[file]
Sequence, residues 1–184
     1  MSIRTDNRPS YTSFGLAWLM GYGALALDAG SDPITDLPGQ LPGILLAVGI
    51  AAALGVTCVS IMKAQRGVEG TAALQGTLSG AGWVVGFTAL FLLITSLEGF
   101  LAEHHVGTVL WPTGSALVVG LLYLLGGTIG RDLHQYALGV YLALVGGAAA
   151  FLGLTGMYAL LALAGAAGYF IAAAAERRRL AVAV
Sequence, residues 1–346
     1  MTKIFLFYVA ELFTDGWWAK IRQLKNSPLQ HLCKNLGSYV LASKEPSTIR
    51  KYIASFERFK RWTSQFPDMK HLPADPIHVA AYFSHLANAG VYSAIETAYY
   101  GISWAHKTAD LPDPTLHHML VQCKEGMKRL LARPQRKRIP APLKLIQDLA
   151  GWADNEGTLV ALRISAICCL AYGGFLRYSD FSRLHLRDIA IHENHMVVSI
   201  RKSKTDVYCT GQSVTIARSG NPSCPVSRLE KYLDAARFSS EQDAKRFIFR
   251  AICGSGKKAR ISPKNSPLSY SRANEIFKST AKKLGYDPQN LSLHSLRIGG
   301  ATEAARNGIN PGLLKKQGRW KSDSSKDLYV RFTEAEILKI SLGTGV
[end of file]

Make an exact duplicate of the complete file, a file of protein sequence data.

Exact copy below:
Sequence, residues 1–184
     1  MSIRTDNRPS YTSFGLAWLM GYGALALDAG SDPITDLPGQ LPGILLAVGI
    51  AAALGVTCVS IMKAQRGVEG TAALQGTLSG AGWVVGFTAL FLLITSLEGF
   101  LAEHHVGTVL WPTGSALVVG LLYLLGGTIG RDLHQYALGV YLALVGGAAA
   151  FLGLTGMYAL LALAGAAGYF IAAAAERRRL AVAV
Sequence, residues 1–346
     1  MTKIFLFYVA ELFTDGWWAK IRQLKNSPLQ HLCKNLGSYV LASKEPSTIR
    51  KYIASFERFK RWTSQFPDMK HLPADPIHVA AYFSHLANAG VYSAIETAYY
   101  GISWAHKTAD LPDPTLHHML VQCKEGMKRL LARPQRKRIP APLKLIQDLA
   151  GWADNEGTLV ALRISAICCL AYGGFLRYSD FSRLHLRDIA IHENHMVVSI
   201  RKSKTDVYCT GQSVTIARSG NPSCPVSRLE KYLDAARFSS EQDAKRFIFR
   251  AICGSGKKAR ISPKNSPLSY SRANEIFKST AKKLGYDPQN LSLHSLRIGG
   301  ATEAARNGIN PGLLKKQGRW KSDSSKDLYV RFTEAEILKI SLGTGV